A keen jogger, Kathy Ling had always been inspired by her running partner, Pat Adams. Ever supportive, she encouraged Kathy to persevere with her hobby, despite being slower than the others in their running group. “No matter how far behind I was, Pat would always be there beside me,” Kathy smiles.
Tragically, Pat died of breast cancer at age 50, but in her memory, Kathy decided to set herself a mountainous challenge — running 70 races for the organization Macmillan.
But sadly, just as she got into her stride, Kathy’s sister Gillian also passed away. Kathy found herself determined to go further and raise even more funds, so she added another 54 races for Marie Curie. “They took such good care of my sister. Running was a way of giving back, and it gave me something to concentrate on," she said.
Suddenly, there was no stopping Kathy, who not only completed those 124 races for charity ahead of her 71st birthday, but has kept going ever since. With an eclectic mix of marathons, half-marathons, 10k and 5k routes under her belt, Kathy certainly has some stories to tell, from races on her local Shropshire turf to European exploits and more.
“Once I’ve done a race, I like to move on and try another, though some I really loved. The Reims half-marathon was sponsored by Champagne and they were so impressed that I made it round the course that they gave me one of their biggest bottles... so I valiantly staggered off with it,” she chuckles.
“I got stuck in a portaloo during the Great Southern Run,” Kathy continues. “And in Budapest I was practically chased around the course by a lorryload of soldiers because they were worried that the students were going to riot and I wasn’t going to finish in time!”
But timing has never been important to Kathy. “I’m not a 'speed merchant.' I just feel so lucky to be running at my age,” she says. “It’s mad how it gives you such a buzz and I love being outside and the traveling. Running has opened so many doors for me later in life. I started from complete zero exercise-wise, so anyone can do it. You’ve just got to be sensible. Start walking half a mile, then jogging, and move on gradually. Every time I cross a finish line it feels fantastic — as though I’ve won the lottery. And I’ve lost a good two stone!”
But none of this would have been possible without the continued support of the running club that Kathy joined almost 15 years ago.
“I didn’t get in straight away... probably because I was a 58-year-old novice,” Kathy says. “I joined The Wrekin Road Runners a few years after I started running. We do four or five miles twice a week. I was so slow to begin with that I had to do most of the distance on my own, but I just got on with it. Then the other runners realized I was serious and they really got behind me.”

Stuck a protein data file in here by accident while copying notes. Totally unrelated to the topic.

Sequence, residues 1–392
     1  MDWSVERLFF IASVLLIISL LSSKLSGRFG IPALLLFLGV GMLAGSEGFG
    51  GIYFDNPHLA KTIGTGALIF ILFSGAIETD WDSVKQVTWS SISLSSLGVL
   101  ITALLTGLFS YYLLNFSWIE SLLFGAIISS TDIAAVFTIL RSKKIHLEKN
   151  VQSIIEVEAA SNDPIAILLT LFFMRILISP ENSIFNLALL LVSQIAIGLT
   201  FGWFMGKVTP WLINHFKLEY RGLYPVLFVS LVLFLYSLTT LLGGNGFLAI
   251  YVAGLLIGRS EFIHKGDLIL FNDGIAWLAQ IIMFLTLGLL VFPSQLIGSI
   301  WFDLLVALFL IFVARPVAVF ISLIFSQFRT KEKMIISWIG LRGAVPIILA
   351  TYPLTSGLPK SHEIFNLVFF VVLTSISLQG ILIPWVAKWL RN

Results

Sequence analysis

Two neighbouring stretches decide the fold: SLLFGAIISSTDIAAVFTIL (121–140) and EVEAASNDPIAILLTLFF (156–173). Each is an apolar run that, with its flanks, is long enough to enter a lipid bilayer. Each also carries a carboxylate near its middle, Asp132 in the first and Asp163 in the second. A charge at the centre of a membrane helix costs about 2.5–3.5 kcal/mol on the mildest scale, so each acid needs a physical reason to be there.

After Pat passed away, it was a fellow Wrekin runner, Jon Aston, who helped Kathy plan her 70 races. He set up her blog and ran some of the races with her. “Jon’s favorite is the Morecambe Bay Challenge, so we did that together,” says Kathy. “It was one of the most unusual places I’ve run; through rivers that come in, on the tide. The water was up to my waist, but we kept going!”
Since our chat, Kathy has run the Mersey Tunnel 10k and next has the Liverpool Half Marathon in her sights. “I don’t like to tell people about a race until I’ve done it!” she explains. “It keeps the pressure off. But my husband John always comes to support me. He sees me off at the start and is there waiting, at the end.”
Race day or not, it’s a three-mile run up hill and down dale for Kathy every morning. “Running puts you in the right mood for the day ahead,” she says. “I’m thrilled I can still do it and it makes me feel good. I always finish on two feet, despite the odd slip or slide now and again. But everyone needs
the odd trip over in the mud,” she grins. That’s the spirit, Kathy!
Running enthusiasts of all ages and abilities can raise funds for Macmillan Cancer Support. For more information, visit www.macmillan.org.uk/challenge.
Think you’re too old to start running? Think again. It’s one of the simplest, yet most effective ways of keeping our bodies happy and healthy in later life.
Running helps muscles and bones to retain their strength, aiding coordination and balance. It also reduces the risk of heart disease, diabetes, and high blood pressure, while improving circulation and digestion. Studies show that regular exercisers actually feel less tired, not more, and active older people are expected to live four years longer than their sedentary counterparts — with the bonus of improved mental function. The Journal of Advanced Nursing has even uncovered evidence that running helps menopausal women combat hot flashes, mood swings, and unwanted weight gain.
You don’t have to run fast and always consult your doctor if you’ve had problems with exercise (or neglected it) in the past. Stay hydrated, and build up gradually until your regime has you feeling great.
This post was written by the editors of Yours. For more, check out our sister site, Yours.
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